By Sultan Shahin, Founding Editor, New Age Islam
5 January 2016
Sectarian unity is certainly an admirable goal. The intention behind it, however, is also very important. Wahhabi Deobandi and Sufi-Barelvi sects, who call each other kafir (infidel), are seeking to unite for some months now. But towards what end?
The initiative was taken by Maulana Tauqeer Raza Khan of Bareilly who visited Deoband in May 2016, following the International Sufi Conference in March, attended by the Prime Minister, in which he was not invited. Deobandi Maulana Mahmood Madani of Jamiat-ul-Ulema held reciprocated with a mega gathering at Ajmer Sharif along with Bareilvis a few months later in November.
Deobandis are touting their new-found love of Sufism, and claiming to be followers of Hazrat Khawaja Moinuddin Chishti of Ajmer. They even published in front page ads in Urdu newspapers their Shijra (pedigree), showing the proximity of their elders to Sufi Shaikh. They sought to bury the hatchet after a century of sectarian war with Sufi-Bareilvis in which they called Sufism a “pollution” and “perversion” of Islam. As recently as in March 2016, the Jamiat chief, Maulana Arshad Madani had severely castigated the World Sufi Forum as the BJP-led government’s bid to divide the Muslim community over Sufism vs. Wahhabism. He had said: “Sufism is nothing: It is no sect of Islam and is not found in the Quran. This is a thing for those who don’t know Quran and Hadith.” Even in the Ajmer Conference, Deobandi leaders did not express any regret over the abuses heaped on Sufism. Deoband did not display any change in their theological understanding of Sufism.
Deobandis ending their century-old schism with Sufis and Bareilvis, initiated by them, would have been a momentous occasion. But they merely resolved to fought any change in Muslim Personal Law. One can only conclude that Deoband is merely trying to create and lead as large a front of Muslims against the BJP-led government as possible. It knows that despite Wahhabism’s recent Saudi Petrodollar-inspired growth, Deoband still has fewer followers. By and large Indian Muslims continue to remain Sufism-oriented. It’s not only Deoband, however, that is seeking unity with Sufi-Bareilvis merely for political reasons. Even Maulana Tauqeer Raza Barelvi had said while visiting Deoband: “We should stick to our religious (sectarian?) beliefs and get united to fight with common enemy, this is the only way out.”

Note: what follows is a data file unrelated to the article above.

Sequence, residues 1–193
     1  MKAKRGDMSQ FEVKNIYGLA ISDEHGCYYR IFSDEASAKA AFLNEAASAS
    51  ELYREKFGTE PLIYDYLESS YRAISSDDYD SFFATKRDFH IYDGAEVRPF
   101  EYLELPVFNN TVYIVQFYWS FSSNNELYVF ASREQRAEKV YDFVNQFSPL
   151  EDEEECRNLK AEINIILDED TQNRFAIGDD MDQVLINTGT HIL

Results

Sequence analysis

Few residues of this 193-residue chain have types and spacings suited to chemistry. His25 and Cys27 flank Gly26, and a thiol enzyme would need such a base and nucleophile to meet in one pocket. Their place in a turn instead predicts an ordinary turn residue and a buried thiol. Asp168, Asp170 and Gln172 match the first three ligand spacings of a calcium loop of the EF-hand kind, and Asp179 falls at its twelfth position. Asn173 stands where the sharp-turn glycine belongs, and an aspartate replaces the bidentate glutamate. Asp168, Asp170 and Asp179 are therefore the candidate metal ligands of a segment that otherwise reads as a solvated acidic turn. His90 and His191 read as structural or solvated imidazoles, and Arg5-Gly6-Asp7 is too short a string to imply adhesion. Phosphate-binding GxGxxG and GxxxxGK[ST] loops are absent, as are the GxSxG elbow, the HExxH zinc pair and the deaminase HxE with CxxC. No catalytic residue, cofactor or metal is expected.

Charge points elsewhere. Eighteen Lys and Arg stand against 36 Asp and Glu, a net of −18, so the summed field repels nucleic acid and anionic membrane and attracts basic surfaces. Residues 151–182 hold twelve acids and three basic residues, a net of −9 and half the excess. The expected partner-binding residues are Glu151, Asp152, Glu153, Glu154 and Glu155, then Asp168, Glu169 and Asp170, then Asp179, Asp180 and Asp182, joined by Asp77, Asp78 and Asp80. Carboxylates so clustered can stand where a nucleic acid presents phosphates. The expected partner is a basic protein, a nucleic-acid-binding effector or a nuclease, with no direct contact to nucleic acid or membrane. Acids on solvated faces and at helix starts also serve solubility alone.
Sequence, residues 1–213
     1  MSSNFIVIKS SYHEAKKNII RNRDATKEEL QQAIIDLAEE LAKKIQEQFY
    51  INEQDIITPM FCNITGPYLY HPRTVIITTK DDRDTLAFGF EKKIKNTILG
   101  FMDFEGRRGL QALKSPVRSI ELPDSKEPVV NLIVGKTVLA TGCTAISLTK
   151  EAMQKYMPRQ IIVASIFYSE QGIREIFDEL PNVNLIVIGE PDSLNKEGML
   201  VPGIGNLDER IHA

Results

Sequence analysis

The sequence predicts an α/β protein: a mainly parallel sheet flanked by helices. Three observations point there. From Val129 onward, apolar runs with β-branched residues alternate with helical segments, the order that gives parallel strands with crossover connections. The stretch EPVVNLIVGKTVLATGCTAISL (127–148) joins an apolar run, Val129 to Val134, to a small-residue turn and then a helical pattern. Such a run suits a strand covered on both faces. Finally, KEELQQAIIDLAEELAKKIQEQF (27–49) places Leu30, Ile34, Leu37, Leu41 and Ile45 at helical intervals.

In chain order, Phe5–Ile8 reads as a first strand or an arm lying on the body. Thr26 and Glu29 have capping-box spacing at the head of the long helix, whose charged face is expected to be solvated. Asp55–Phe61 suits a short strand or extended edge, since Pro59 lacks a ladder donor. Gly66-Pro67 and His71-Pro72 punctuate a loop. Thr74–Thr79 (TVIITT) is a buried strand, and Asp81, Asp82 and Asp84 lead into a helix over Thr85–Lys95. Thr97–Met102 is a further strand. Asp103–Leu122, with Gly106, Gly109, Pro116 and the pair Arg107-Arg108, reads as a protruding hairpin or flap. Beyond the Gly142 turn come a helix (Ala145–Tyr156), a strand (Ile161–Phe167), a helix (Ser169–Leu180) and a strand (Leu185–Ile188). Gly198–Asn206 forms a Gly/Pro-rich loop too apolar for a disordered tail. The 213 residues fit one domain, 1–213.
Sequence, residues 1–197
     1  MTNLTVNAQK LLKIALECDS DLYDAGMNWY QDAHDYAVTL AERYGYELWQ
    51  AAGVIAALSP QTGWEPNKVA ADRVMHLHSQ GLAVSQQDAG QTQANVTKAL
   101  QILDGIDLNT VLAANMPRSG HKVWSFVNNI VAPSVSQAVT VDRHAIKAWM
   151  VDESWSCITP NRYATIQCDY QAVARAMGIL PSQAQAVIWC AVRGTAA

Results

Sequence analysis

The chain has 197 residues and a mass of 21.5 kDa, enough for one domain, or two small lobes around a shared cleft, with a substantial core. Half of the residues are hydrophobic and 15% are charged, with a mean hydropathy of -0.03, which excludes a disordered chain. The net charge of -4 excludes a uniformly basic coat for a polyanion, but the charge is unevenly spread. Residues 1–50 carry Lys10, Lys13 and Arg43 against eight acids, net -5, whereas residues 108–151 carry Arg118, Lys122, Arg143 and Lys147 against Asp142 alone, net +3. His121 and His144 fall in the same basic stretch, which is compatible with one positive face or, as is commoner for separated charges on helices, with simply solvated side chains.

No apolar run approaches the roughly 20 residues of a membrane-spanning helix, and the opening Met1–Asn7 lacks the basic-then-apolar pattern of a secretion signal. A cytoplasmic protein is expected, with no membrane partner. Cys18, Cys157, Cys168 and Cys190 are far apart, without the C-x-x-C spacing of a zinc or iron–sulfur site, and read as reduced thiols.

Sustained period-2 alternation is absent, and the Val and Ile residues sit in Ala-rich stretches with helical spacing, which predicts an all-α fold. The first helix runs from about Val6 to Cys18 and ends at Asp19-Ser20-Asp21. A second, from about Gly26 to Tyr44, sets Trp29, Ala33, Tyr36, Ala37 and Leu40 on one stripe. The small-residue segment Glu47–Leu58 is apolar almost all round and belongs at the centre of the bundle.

Who is the enemy? The BJP-led government, of course. But why now? Primarily because it is showing signs of allowing gender justice-based reforms in Muslim Personal Law. While this has embarrassed and silenced Sufi Ulema and Mashaikh Board which had invited the Prime Minister to speak from its forum, all other groups are trying to unite to oppose the possibility of a ban on instant triple talaq.
For Deoband, however, there is an additional factor. It has been close to the powers that be for most of our post-independence years. Now it is feeling disempowered. So, while opposing a possible reform in Muslim Personal Law, it is also telling the government that we too are Sufis if that is what you prefer: align with us.
Bringing Muslims together on a purported platform of protecting the religion and fighting the kafir is not difficult. A belief in Islamic supremacy has been promoted among Muslims for centuries. All madrasas, Barelvi or Deobandi, teach principles of fatwa from Rasmul Mufti (Roadmap for Muftis). Two principles are taught repeatedly.
a) Al-islamu Ya'lu Yu'la Wala 'alaih (Islam will always be superior or victorious; It will never be surpassed or defeated)
b) Al-kufru millatun wahida (all Kafirs are one nation).
No wonder, Barelvi Muftis have no objection to Tauqeer Reza Khan uniting with Deobandis for fighting the “kafir” government. But when one of their own, Pakistani scholar Maulana Tahirul Qadri, suggested ways for genuine sectarian unity in a book “Firqa Parasti Ka Khatima Kaise Ho” (How to end Sectarianism), the same Barelvi Muftis issued a fatwa against him.
Muslims of every sect are Kafirs in the eyes of ulema of other sects. Solving ideological disputes to unite with each other is unthinkable. But, they can and should unite to fight the Kafirs of a different religion.
As long as this Muslim-Kafir binary informs the consensus theology of ulema, it will be difficult for Muslims to live amicably with others. Temporary sectarian unity which could threaten permanent communal harmony is not the way forward. As Muslims, we need to not only bridge our internal divides, but also stop thinking in terms of Kafir and Momin. We cannot survive as Muslims in the 21st century multicultural world with our antiquated notions of supremacy and separatism.
Sultan Shahin is the founding editor of a Delhi-based progressive Islamic website NewAgeIslam.com.
First published in Mail Today and dailyo.in on 6 Jan 2017
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